Now that we’ve all watched every new show on Netflix, people are discovering that most video streaming services are like the basement level of old video stores on those nights when all the new releases were rented out. Thank goodness for documentaries, AKA podcasts with pictures. Here, then, are some hot docs for you to tell your friends you’ve added to your “watch” list and never get around to viewing.
Pretend It’s a Pastry
Oscar-nominated filmmaker M. Night Shyamalan directs and can’t stop himself from appearing in a series of interviews with Art Buchwald, the humorist and long-time Washington Post columnist who died in 2007. In a series of vignettes, the long-dead Buchwald strolls through the U.S. capital, visiting his favourite “haunts,” explaining how to “ghost” a party and sharing anecdotes about government “spooks.” A number of scenes are filmed before a live audience, which is ironic. The documentary title comes from Buchwald’s famous instructions to small children on how to smoke a cigar. In a surprise ending, Buchwald is shocked to learn that he hasn’t been syndicated the whole time!
What Th’? with John Watson
Known for his found footage and chronically late rent payments, independent filmmaker John Watson documents his day-to-day life as well as those of his fellow tenants, capturing their trials, tribulations and surprisingly frequent incidents of getting locked out of their apartments. Watson takes the mundane and makes it mundane with narration. But the viewer finds beauty in the banal in the same way that Watson finds his car keys in the bathroom sink: obviously there the whole time. Part of the pleasure of this docu-series is the wonder Watson finds in everyday things: the way a dog’s bark sounds like “Cap’n Crunch” (but not really); how a can opener can also be used to pound a nail (sort of); and how four years of film school can be profitable (although you still live in a crappy tenement). In short, we get to see the world through the eyes of a man who is truly childlike—namely, he wets the bed. Which he documents.
This documentary about red-green-blue television test patterns is described as “The Queen’s Gambit” of documentaries about red-green-blue television test patterns. What “Bird Box” did for Sandra Bullock in a blindfold, RGB does for red-green-blue television test patterns. If “The Tiger King” were about red-green-blue television test patterns, it would have been exactly like this documentary about red-green-blue television test patterns. “Bridgerton” is nothing like this documentary about red-green-blue television test patterns except for the occasional nude scene.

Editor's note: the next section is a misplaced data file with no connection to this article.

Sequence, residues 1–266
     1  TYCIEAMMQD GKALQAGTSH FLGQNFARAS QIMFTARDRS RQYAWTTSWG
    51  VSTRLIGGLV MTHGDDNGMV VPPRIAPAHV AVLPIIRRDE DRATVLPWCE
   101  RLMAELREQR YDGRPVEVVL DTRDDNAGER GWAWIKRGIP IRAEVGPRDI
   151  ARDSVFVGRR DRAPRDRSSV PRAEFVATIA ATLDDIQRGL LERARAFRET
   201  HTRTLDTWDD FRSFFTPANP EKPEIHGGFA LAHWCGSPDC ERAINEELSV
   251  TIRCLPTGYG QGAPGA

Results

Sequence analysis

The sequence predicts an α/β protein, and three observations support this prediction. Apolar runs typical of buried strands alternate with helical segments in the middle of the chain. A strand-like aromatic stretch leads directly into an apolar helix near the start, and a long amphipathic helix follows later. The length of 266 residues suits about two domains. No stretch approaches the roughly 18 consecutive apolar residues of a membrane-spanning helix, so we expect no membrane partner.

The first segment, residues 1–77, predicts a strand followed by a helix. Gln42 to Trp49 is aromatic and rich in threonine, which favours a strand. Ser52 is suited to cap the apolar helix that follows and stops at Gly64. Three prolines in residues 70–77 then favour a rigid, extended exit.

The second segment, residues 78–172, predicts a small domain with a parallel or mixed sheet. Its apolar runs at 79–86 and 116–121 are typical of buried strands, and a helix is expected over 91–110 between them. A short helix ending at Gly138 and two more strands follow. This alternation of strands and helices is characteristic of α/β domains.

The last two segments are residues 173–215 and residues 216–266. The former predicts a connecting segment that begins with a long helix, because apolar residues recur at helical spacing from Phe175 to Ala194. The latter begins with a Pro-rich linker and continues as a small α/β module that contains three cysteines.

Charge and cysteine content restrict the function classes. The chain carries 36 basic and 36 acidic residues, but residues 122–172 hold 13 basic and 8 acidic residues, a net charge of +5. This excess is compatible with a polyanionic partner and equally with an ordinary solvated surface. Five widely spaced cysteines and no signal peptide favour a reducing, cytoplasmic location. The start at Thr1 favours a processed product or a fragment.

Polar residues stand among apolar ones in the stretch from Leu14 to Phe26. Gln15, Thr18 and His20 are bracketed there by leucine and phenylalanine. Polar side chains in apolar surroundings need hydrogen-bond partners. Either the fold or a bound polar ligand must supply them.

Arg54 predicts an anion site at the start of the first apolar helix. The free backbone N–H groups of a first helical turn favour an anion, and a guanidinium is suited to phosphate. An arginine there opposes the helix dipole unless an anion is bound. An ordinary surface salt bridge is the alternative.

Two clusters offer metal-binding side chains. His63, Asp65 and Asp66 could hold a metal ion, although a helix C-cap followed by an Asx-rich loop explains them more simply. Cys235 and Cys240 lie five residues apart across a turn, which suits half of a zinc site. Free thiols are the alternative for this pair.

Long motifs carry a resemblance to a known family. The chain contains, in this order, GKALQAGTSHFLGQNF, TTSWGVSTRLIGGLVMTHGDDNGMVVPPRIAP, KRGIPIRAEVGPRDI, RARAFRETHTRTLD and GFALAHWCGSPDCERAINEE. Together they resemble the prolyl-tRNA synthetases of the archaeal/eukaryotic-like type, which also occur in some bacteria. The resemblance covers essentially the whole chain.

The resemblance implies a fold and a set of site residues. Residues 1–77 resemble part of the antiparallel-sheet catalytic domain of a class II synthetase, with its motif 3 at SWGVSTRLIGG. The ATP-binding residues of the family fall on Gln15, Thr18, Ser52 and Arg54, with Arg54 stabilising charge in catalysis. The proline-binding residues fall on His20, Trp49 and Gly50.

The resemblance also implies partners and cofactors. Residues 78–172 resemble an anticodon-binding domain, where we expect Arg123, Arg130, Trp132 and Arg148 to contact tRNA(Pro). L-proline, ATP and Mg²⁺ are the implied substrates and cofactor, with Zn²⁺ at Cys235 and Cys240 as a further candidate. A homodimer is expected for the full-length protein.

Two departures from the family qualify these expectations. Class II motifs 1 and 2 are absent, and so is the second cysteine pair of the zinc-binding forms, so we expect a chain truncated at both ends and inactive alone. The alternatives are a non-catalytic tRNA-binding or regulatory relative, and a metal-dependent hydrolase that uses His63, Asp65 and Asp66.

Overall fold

Who Did This!
A raw and hard-hitting forensic investigation into who is responsible for making the inside of the Colgate toothpaste flip-cap so disgustingly gloopy. The documentary is a captivating study in accusations and denials, though some of us aren’t fooling anyone, Abby! Also features a fascinating sub-plot exploring the age-old question: why are there seven toothbrushes in the cup but only three people living in this house?
In this 2015 film, investigative journalist Max McMackelhone explores the seedy underbelly and the spotty upperbody of Olympic athlete Twizzler addiction. Going undercover as a 16-year-old Romanian female gymnast, the 250-pound McMackelhone does some quick talking to explain his full beard. He soon falls under the tutelage of Dr. Padraig Van Bommel, a Dutch athletic trainer who introduces McMackelhone to radical licorice therapy. Over time, Van Bommel exposes McMackelhone to higher and higher doses of salt in his licorice until McMackelhone is completely and utterly grossed out. In the wake of this documentary, the Russian Olympic team was banned for plying its athletes with performance-enhancing Pull-n-Peels, while McMackelhone went on to win silver in the uneven bars in Rio.
Chronicles the increasingly desperate attempts of a young woman to get mentioned in the column written by her boyfriend’s father. She is ultimately not successful.
Super Suds Me
Comedian Bailey Eisenheimer takes to the street in his mobile bathtub and invites people to scrub his back. Celebrity guests shower with Bailey and make jokes about “getting in a lather” and every possible innuendo related to the word “wet.” While seemingly a crude comedy show, the series becomes a profound commentary on North Americans’ inability to truly communicate, thanks to the entire proceedings being subtitled in Portuguese. Or could just be something wrong with my remote.